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Craig Lebrau
Craig Lebrau

New proof points to ancient belief that amethyst wards off hangovers

A recent discovery points to the notion that ancient Israeli gemstones were used to segregate class. It has been long believed – even in modern times – that crystals and gemstones can bestow certain things on their owners, but they did more than ward off bad luck and increase fortune or popularity. 

Rose quartz are the gem of unconditional love, opal enhances cosmic consciousness and creativity, but the amethyst gem is actually believed to have properties such as fostering compassion and relieves the owner from negativity – perhaps one of the reasons why it is used in purification rituals and the like. Believed to be a protective stone, the amethyst is also associated with creativity, stipulating that wearers will benefit from the stone’s ability to clear the mind and enhance passion in the thought process. 

In addition to that, the mystic gemstone is also used to relieve stress and even in overcoming addictions, which isn’t surprising considering what affluent ancients used to do with amethysts in the old days. Amethyst is believed to derive from the Greek word “amethystos” which translates to “not drunk” or “un-intoxicated”. It is no surprise that the precious stone has been used in countless cultures to prevent intoxication and also to ward off the dreaded hangover that follows every heavy night of partying. 

A closer look at history revealed that ancient Greeks would sometimes add these purple hued gems into their wine goblets or wore them while drinking in order to avoid either intoxication or a hangover. They aren’t the only ancient civilization that has used the gem to enhance sobriety, in fact, it dates back to 320 B.C.E. and now it is found halfway across the world in an Israel excavation site in Yavne. 

Archeologists have found what looks like a seventh century amethyst embedded in a gold ring. Believed to belong to a wealthy aristocratic individual due to the size of the gem, the ring was found near a Byzantine-era winery. While it is impossible to carbon date inorganic materials, similar pieces of jewelry were common amongst Yavne’s elite, with no distinction between men and women. However, the archaeologist and a co-director of the IAA excavation, Elie Haddad, states that, “It is possible that the splendid ring belonged to the owner of the magnificent warehouse, to a foreman, or simply to an unlucky visitor, who dropped and lost their precious ring, until it was finally discovered by us.”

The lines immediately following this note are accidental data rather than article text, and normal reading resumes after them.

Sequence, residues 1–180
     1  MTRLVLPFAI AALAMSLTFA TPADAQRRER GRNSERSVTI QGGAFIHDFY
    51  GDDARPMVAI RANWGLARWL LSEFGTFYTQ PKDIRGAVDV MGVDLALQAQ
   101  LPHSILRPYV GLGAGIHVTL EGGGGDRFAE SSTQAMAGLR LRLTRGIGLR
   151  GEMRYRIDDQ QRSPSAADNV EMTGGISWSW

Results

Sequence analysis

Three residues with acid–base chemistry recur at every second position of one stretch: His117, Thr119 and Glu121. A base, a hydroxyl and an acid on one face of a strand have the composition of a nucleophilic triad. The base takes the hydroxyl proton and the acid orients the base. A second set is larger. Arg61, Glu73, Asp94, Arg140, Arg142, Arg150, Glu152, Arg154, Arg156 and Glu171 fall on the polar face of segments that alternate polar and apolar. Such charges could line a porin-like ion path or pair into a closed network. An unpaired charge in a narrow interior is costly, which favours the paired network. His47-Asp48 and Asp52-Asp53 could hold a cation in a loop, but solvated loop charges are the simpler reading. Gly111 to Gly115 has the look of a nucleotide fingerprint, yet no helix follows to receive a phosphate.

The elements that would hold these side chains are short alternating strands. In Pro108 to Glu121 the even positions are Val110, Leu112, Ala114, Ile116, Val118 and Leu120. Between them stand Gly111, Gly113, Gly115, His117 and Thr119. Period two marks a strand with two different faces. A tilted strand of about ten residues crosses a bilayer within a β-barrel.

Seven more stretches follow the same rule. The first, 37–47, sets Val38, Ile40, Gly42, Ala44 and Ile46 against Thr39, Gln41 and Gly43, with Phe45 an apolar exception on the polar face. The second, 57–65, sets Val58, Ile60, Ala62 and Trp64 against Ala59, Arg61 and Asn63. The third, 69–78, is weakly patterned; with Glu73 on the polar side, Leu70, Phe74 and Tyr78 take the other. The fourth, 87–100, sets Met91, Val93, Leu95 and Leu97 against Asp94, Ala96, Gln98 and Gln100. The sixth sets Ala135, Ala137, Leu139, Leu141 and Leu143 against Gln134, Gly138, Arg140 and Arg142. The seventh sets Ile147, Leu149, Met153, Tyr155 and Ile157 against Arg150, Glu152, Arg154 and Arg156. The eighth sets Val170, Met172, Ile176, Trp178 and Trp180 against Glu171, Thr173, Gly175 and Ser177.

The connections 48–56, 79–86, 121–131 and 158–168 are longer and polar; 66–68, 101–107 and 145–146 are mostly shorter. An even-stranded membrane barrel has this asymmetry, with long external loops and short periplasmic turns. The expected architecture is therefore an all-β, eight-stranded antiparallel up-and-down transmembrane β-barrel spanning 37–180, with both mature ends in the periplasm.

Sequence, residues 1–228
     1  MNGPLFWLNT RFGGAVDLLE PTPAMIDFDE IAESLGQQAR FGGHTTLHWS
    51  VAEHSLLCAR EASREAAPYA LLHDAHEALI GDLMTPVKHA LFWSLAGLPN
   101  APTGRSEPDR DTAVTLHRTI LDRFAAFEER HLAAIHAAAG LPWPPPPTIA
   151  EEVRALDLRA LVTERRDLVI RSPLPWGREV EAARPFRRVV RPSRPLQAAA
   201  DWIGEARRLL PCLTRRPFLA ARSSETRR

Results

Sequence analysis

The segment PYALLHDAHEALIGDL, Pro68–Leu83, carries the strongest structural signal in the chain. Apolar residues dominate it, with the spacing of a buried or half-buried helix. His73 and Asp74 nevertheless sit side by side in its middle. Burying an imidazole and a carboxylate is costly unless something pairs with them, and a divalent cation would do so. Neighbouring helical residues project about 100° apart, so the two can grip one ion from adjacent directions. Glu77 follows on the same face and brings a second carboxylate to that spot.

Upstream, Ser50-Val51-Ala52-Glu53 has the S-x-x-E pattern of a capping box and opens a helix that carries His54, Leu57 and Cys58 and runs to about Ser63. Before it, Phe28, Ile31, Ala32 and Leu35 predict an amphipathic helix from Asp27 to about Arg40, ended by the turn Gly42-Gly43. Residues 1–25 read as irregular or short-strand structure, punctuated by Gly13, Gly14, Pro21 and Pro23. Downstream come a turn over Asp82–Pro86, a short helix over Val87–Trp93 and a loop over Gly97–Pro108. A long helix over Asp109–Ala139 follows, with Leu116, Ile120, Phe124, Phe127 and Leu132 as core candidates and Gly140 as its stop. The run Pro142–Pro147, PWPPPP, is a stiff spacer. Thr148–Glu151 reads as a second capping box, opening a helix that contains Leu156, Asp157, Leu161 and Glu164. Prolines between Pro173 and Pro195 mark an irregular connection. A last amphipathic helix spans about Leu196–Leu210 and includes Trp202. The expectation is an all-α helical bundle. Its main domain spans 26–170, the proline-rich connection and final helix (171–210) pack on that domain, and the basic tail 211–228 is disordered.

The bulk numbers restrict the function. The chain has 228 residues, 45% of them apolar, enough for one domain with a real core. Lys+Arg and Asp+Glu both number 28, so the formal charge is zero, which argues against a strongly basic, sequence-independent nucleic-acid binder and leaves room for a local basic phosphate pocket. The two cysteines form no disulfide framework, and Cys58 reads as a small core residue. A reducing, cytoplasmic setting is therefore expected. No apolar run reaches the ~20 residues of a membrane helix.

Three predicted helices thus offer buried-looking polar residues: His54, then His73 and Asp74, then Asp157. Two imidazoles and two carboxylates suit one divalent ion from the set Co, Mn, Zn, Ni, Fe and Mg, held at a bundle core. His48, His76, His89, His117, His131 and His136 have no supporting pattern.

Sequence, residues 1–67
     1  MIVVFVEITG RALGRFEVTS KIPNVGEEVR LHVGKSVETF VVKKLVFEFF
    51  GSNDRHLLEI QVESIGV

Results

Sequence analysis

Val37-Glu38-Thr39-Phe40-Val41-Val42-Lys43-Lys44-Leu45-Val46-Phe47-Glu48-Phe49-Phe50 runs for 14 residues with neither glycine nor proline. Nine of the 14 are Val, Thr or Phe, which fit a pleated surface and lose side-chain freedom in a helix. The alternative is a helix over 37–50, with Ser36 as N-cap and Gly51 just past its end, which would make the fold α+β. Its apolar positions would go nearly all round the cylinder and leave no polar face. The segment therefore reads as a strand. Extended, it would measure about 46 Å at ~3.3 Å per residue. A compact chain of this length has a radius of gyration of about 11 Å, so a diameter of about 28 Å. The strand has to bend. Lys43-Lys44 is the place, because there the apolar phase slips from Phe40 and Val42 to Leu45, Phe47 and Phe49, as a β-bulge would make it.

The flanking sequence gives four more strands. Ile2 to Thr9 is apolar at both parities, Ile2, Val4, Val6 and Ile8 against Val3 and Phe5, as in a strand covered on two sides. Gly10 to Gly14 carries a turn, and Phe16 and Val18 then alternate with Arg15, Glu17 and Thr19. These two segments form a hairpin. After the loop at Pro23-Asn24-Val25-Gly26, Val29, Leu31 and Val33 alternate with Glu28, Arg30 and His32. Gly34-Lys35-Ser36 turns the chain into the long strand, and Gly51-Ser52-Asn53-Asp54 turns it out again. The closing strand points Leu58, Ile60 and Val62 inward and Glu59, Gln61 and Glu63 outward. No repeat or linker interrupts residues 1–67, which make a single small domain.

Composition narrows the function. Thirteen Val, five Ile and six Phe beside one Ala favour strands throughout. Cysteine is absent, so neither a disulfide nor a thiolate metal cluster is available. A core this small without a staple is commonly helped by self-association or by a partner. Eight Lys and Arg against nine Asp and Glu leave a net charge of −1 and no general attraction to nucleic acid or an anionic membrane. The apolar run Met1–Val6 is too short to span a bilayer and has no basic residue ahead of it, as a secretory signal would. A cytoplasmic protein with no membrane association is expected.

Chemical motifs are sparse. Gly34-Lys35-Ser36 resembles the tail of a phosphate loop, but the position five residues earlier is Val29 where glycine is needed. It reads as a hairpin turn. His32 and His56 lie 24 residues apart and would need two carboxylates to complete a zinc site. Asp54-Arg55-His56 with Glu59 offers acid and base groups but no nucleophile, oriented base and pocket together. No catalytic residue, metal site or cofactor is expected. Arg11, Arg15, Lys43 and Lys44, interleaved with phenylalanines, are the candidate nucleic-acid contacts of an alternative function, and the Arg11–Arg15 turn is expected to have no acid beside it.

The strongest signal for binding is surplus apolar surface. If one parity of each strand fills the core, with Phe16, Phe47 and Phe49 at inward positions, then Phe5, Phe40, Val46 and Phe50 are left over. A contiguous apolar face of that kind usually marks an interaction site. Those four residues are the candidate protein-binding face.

Hadded had been leading large-scale excavations around Yavne and had found more than just an anti-intoxication ring. Other artifacts they have come across include a 1600 year old mosaic, a 1000 year old chicken egg, and even a trove of coins dating back to at least 1100 years ago. However, the ring is the most notable of all as it reveals certain cultural information and historical facts about Israel, such as how the affluent were especially fond of drinking, to the point where they have inlaid jewelry that is believed to remove the effects of drinking. 

Precious stones and gems have been used throughout the ages in all kinds of contexts, from class denomination to engagement jewelry. Amethyst is still used in modern times, adorning belly button rings and nose-rings with the novel belief that it could help the wearer stay sober, but it is more of a fun accessory and not something which is taken seriously, after all, scientists and doctors have long since revealed the reason behind hangovers stemmed from the fact that we become extremely dehydrated when consuming large amounts of alcohol. 

Amethyst is also not the only substance whose property was meant to ward off hangovers. In a 1900 year old papyrus, an ancient Egyptian remedy instructed those suffering from “drunken headaches” to wear a necklace of laurel leaves. The discovery was made in 2015, and researchers have also added the explanation that ancient medicine is often mingled with superstitions of magical remedies, and there has been no study on what effect laurel leaves may have on an individual with a hangover

In another ancient text discovered to hail from Mesopotamia, a physician recommended a “tincture of licorice, oleander, beans, oil and wine” to be taken when a “man has taken strong wine and his head is affected.”

Truly, the attempt to discover hangover cures is something that we have in common with ancient civilizations. Even today, we still have hangover home remedies and hangover pills on the market in an attempt to return us to normal after a night of drinking but stand stubbornly firm against the idea of abstaining from alcohol and liquor which causes us so much discomfort. At the present time, there still isn’t a magical pill or gemstone, for that matter, which is able to alleviate the symptoms of a hangover. 

About the Author
Craig Lebrau is the Director of Cato Media. A former programmer, Craig is interested in Israel's startup ecosystem and aims to share his insights learnt from expanding to and managing business in Israel.
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